Three stops selling 3G mobile phones

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Three is to stop selling 3G-only devices for the first time in its 15 year history, becoming the first UK operator to move its entire device portfolio to 4G.

The CK Hutchison-owned operator entered the UK market in 2003, becoming the fifth major network. It was the world’s first 3G-only mobile operator having won spectrum in the infamous 2000 spectrum auction.

While O2, One2One, Orange and Vodafone were still focusing on 2G devices and struggling to find investment for 3G networks given the cripplingly large sums paid out for their spectrum licences and a lack of use cases, Three had no choice but to go for it.

Three's 3G network

Since then, Three has amassed more than ten million customers in the UK and gained a reputation for innovative offers such as inclusive roaming, zero-rated streaming services and for being the most data-centric network. Indeed, its customers use more data per month than on any other.

“Our customers are at the heart of everything we do as a business and we are therefore continually striving to provide the best possible experience for them on our network,” said Dave Dyson, Three CEO.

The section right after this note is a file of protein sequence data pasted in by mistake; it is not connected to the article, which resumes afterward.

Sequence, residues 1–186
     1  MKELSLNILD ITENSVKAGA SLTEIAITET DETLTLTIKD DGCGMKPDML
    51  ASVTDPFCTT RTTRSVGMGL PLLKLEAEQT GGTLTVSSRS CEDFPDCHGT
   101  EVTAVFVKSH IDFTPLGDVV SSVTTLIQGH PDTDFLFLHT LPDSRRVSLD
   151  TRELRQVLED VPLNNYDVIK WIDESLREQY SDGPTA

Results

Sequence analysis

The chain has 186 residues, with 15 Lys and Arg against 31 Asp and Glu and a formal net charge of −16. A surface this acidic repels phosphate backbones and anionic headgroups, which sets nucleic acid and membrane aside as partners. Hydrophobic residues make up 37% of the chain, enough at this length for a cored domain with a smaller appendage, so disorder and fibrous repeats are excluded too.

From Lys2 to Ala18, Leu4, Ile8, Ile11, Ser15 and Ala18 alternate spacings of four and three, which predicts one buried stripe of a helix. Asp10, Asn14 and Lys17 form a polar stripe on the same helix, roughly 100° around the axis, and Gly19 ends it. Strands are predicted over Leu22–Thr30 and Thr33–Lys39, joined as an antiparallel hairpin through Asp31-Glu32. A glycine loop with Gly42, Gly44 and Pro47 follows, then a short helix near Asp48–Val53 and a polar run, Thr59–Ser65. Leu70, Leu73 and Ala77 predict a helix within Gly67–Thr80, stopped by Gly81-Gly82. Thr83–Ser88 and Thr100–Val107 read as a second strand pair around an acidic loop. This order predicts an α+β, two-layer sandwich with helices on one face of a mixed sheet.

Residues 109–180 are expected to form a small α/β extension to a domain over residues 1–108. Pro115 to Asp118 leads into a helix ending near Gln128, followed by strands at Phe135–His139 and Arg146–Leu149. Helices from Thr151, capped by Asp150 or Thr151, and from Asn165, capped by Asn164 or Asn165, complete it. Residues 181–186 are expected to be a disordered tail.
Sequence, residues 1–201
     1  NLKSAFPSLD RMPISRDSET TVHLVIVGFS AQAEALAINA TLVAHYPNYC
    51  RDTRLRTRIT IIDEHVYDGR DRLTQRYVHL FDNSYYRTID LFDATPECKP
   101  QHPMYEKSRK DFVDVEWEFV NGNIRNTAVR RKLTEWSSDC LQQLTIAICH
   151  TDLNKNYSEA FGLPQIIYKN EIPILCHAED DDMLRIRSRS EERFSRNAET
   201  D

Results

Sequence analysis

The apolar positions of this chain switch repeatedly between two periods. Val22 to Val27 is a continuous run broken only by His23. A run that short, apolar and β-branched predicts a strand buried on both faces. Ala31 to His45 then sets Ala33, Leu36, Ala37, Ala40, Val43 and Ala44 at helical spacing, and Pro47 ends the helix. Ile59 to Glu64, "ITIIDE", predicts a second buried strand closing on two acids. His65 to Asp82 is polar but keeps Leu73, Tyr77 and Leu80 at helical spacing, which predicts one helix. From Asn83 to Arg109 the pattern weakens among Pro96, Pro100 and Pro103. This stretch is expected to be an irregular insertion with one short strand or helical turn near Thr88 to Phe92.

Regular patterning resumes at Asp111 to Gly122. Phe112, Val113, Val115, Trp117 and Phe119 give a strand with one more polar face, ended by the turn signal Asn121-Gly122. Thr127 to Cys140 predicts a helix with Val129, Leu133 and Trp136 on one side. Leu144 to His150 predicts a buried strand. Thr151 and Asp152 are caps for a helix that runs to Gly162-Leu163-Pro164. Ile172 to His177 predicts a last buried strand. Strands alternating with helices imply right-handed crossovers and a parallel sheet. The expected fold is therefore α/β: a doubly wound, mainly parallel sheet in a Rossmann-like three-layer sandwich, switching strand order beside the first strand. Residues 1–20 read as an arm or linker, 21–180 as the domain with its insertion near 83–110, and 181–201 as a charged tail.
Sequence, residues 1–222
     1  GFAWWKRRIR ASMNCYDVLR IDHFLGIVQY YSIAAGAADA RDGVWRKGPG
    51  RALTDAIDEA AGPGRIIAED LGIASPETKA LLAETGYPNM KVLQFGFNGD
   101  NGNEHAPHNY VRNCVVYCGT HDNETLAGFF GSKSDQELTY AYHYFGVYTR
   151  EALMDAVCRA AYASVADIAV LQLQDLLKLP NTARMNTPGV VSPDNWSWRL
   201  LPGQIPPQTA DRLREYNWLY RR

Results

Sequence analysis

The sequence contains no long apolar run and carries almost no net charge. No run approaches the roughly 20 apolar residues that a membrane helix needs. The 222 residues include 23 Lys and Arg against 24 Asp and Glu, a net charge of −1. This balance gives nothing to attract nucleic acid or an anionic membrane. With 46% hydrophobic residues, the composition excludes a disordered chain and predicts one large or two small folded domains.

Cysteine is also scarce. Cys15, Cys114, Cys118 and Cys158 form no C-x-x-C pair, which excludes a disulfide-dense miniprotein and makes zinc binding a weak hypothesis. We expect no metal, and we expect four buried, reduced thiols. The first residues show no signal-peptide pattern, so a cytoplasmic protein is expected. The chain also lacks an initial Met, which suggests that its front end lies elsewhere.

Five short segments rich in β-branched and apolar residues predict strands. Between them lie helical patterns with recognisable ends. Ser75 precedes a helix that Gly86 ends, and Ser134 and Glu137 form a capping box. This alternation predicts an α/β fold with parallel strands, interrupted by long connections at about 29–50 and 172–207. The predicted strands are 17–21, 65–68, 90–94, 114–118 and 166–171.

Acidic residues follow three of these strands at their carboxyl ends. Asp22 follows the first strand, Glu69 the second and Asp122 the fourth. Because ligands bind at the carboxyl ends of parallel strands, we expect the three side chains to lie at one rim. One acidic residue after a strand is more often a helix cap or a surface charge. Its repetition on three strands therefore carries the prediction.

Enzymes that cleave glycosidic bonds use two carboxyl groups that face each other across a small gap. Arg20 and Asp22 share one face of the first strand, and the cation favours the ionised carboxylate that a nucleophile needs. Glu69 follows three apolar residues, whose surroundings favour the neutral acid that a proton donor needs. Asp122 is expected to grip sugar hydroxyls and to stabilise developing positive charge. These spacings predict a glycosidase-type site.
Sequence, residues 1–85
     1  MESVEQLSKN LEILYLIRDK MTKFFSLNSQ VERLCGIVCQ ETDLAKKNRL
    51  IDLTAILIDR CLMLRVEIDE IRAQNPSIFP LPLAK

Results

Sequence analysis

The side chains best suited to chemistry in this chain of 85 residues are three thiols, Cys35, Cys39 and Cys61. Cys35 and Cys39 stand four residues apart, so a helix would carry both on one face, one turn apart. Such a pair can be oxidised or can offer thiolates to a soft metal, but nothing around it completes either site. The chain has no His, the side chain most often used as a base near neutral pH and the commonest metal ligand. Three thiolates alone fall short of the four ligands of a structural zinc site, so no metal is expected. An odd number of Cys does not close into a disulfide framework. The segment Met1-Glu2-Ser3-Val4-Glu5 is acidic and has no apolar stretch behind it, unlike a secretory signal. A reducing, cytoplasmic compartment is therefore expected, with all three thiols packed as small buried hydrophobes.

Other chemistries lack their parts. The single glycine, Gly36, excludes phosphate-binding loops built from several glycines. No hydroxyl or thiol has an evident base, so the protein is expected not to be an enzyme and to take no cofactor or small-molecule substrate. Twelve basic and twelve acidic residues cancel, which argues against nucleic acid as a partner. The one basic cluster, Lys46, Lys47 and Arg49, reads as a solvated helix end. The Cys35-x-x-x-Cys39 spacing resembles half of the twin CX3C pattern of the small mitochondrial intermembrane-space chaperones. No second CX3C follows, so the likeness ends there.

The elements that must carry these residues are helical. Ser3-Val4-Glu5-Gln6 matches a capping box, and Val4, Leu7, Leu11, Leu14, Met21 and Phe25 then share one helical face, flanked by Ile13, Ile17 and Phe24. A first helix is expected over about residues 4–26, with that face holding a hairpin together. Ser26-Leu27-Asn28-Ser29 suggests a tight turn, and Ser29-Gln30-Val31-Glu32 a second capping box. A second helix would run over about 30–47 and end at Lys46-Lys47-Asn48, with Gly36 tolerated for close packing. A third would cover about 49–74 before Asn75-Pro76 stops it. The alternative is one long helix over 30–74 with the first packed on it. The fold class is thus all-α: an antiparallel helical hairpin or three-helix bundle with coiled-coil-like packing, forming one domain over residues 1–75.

“Our research has shown that the customers that are using all the benefits of 4G are happier and enjoying all the benefits of being able to stream, share and snap to their hearts content.

“We recognise that this is a significant milestone for us as a business and for the market, just as the introduction of 3G was at the turn of the century and we are proud to be driving the industry forwards once more.”

That’s not to say Three isn’t focused on 3G any more. It has the best 3G network of any major operator, with the rollout of technologies such as HSPA+ boosting speeds to near standard 4G levels.

Then again, with no 2G network to fall back on, it has had no choice. It was also the last of the four major UK operators to launch 4G.

It’s future in the UK has been called into question ever since it failed in its bid to secure a £10.25 billion merger with rival O2. The EC blocked the deal amid competition concerns as it would have reduced the number of operators in the UK to just three.